Help, I want to create an auto aim system for our FRC robot in Java

I am part of the team Tec Gear 6106 from Mexico, since we had the pandemic issue I’ve been trying to prepare some code and do some research on my own. I’ve been asked to develop an auto aim system for our robot and I have no idea from where to start. I know the basics of Java in VSCode but I’m not an expert and since our team has no coaches that can help me with this topic I decided to give it a shot to Chief Delphi. Any help would be great.

Glad ya are tryin to try something like this. The first question is, how are you trying to line up? Do you have an angle to turn to, or do you want to line up with the vision targets?

First thing you want is a way to detect the retroreflective target around the upper port. You can do that with one of few ways: Limelight, Chameleon Vision/Opensight, or custom Vision Processing code on a RPi with the FRCVision image.

After you are able to detect the target, its as simple as putting a P loop on your drivetrain’s speed and rotation. For more information, see the Limelight documentation and look at the case studies.

Thanks! What we are trying to do is to line up the shooter so the robot can move but the shooter stays in the right position for shooting and scoring (btw sorry if my english is not good)

Interesting options, thanks for your help, I’ll do my research based on those. Thank you :smile:

What Alphyte said, that should be your best shot for this. How is your shooter designed? Sounds like it’s a turret, is it a full turret or a partial turret (don’t go in a continuous circle)

Our team (4152) used a flywheel shooter mounted on a turret with a Limelight camera. You can view our code here:

Each subsystem has its own file.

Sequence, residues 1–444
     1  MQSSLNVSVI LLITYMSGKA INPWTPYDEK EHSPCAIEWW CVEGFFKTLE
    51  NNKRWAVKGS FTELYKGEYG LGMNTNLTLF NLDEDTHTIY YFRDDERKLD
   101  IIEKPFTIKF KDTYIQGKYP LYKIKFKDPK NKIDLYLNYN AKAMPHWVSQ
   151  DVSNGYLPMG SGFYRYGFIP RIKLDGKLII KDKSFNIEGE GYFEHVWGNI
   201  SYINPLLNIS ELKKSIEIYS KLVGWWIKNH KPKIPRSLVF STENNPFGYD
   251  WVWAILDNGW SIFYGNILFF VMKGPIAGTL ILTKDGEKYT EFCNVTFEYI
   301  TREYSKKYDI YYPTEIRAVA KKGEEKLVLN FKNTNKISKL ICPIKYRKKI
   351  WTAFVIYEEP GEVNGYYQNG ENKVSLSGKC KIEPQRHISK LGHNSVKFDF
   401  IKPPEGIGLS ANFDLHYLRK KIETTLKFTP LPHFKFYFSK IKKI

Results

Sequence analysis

In addition each command (i.e. AlognTurret) has its own file in the commands folder

There are other files as well but the ones mentioned cover the important aspects.
The biggest challenge was getting data. We put a grid on our target and took around 1000 shots. Each shot we recorded the the distances, where the ball landed in the grid, RPM, voltage, which ball (and how many shots it had been used for). This data allowed us to fine tune the programming.
Kudos to our team captain and lead programmer (Oliver) and our testing mentor (Ron) for their work on it.

To start, you will need a camera to get the target position. Once your camera can detect the target (you can use a Limelight or your own solution), then you can make a command that uses your drivetrain.
This command should take the target and see if it is in the center of the image. If it isn’t, you turn the robot (or turret) left or right until it is. You can use PID or any other control method to do this.

If you have it mounted on the turret, you can just set your hood angle and rpm as a function of distance and turn the turret using a PID loop with the angle offset as the error.

I would recommend either using a limelight if you can as it is very easy to use and also able to run the vision processing fast enough where you can use the angle given as a target for your code and don’t have to worry about a delay or another sensor.

Another option if you cannot use a limelight would be to run OpenCV code in a separate thread running on the roborio and a USB camera, this option is nice because you don’t have to worry about a co-processor and you can use GRIP to generate the code for you, we used this option in 2017 and had some written for 2019 before we switched to a limelight. You will only be able to get around 15-20fps but that is fast enough if you are just taking one image while not moving and then using that data to aim.

Here is a link to our 2017 camera class

and also our GRIP generated Code here

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It is a turret actually, a full turret, it is like a pillar in which 4 to 3 balls are stored while the robot is moving until the driver activates the shooting mecanism at the top of the turret. It has a rotative base, it can’t spin 360 degrees, more like 180 or less.

Thanks man! I’ll check it out

Actually earlier this year I heard something about the Limelight and since we use a mounted camera it seems like a good option. Thanks!

Mmmm, OpenCV sounds an interesting choice, let me research about it and I’ll tell you what happens. Thank you

If you want easy vision without the cost of LimeLight, or the (relative) complexity of OpenCV, you should definitely check out OpenSight if you want to build your own pipelines, or Chameleon Vision if you want a plug-n-play option. Both options will work with a Raspberry Pi 4, but you’ll need to find a way to mount and power a green LED setup yourself.

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